Impulse control disorder

Impulse Control Disorders (ICDs) are known as a group of disorders which is characterised by a failure to resist an impulse, drive, or temptation to perform an act that is harmful to the individual or to others. It is frequently seen in PD patients treated with dopaminergic agents, especially levodopa and dopamine agonists [22]. According to the DOMINION study, ICDs are found in 13.6% of PD patients [23].

In brief, ICDs are addictive behaviours and include pathological gambling, hypersexuality, compulsive shopping, binge eating, punding and compulsive medication use [22]. In addition, PD patients with ICDs experience more neuropsychiatric problems, such as depressive and anxiety issues, obsessivecompulsive symptoms, novelty seeking and impulsivity behaviours.

They are also found to be more disabled. Those with multiple ICDs are reported to have more dyskinesia [24]. Studies showed that young age, male sex and history of smoking, together with use of levodopa and dopamine agonists (especially with a high dosage), are risk factors of ICDs in PD patients [25].

Therefore, it may be worthwhile to watch out for these impulse control behaviours in young, male PD patients taking dopamine agonists because these behavioural problems can significantly affect their economy, social and family relationship.

Genetic predisposition of neuropsychiatric problems in PD: A fact or a myth

To date, there is no literature comparing the overall prevalence of neuropsychiatric symptoms in idiopathic PD and in monogenic parkinsonism. Nevertheless, for some types of monogenic parkinsonism, the patients are reported to be predisposed to neuropsychiatric problems, especially cognitive impairment.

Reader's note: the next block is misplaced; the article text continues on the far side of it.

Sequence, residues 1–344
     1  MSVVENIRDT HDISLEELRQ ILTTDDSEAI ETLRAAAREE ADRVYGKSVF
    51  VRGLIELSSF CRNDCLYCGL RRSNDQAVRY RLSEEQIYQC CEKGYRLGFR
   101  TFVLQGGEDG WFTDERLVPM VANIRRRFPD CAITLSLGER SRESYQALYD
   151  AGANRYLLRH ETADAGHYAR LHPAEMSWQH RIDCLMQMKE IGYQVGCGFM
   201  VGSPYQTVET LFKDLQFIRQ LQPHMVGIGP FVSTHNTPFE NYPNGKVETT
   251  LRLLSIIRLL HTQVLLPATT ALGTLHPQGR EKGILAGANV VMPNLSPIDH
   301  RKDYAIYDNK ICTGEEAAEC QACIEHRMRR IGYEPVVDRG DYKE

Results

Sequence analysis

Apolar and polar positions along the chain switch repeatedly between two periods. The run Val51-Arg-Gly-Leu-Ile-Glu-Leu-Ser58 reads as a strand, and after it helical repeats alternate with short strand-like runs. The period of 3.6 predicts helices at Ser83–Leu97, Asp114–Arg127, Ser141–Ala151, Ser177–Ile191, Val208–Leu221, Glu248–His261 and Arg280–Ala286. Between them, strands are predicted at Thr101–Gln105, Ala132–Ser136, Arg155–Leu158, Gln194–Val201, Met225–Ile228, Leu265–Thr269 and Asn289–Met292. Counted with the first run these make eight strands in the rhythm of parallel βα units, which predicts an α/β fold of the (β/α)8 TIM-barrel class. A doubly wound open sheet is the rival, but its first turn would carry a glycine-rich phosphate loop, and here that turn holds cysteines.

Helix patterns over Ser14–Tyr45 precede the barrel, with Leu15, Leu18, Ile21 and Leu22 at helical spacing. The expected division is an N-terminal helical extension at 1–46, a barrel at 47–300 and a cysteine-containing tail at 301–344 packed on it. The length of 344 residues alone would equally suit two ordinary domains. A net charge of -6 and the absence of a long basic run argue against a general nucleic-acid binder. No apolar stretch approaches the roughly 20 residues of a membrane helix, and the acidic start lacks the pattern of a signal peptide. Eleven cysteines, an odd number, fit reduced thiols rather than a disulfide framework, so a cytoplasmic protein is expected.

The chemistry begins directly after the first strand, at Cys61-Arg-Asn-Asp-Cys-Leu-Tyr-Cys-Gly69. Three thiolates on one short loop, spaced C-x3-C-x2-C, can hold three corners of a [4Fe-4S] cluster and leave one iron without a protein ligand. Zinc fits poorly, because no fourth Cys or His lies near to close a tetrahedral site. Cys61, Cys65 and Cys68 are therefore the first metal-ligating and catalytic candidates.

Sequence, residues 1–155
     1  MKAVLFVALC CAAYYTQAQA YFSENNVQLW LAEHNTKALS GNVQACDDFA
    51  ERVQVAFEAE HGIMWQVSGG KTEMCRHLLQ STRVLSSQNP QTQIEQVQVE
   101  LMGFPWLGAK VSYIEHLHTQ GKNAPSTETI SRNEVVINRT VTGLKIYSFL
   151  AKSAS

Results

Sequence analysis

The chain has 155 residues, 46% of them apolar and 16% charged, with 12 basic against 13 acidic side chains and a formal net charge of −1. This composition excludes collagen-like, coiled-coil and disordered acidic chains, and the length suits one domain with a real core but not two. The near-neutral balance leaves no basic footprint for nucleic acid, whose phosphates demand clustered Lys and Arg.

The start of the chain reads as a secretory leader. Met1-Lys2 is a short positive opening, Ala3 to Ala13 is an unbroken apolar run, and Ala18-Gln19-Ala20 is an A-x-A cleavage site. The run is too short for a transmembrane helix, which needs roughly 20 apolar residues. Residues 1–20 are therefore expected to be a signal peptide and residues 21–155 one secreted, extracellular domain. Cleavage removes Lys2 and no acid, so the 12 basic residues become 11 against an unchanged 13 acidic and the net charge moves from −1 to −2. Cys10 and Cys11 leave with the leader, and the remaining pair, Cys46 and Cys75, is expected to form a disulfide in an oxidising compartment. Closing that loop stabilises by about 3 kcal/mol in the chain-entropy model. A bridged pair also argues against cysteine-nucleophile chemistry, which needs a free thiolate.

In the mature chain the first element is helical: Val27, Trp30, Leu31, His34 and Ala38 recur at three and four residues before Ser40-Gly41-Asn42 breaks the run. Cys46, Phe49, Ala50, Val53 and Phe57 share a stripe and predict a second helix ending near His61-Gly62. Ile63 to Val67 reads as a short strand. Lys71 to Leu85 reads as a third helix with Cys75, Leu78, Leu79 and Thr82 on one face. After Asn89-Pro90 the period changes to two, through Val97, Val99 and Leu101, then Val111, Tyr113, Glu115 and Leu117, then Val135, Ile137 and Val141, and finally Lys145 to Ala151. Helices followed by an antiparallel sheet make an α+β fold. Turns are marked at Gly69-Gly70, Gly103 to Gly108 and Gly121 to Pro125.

For example, patients with SNCA and GBA mutations were at a higher risk of dementia while those with PRKN mutation seldom developed cognitive impairment. Neuropsychiatric symptoms are associated with poor quality of life and institutionalization in PD patients. They can also increase caregivers’ burden.

The genetic risk factors of each neuropsychiatric disorder in PD are shown in Table 1.

Author Study design Number of subjects Results
Affective disorder
Cong, et al. [6] Systematic review 38304 PD patients with depression were more likely to have the GBA1 L444P mutation.
An association between PD patients with depression and LRRK2 G2019S mutation was not reported.
An association between PD patients with depression and SNCA rs356219 polymorphism was not observed.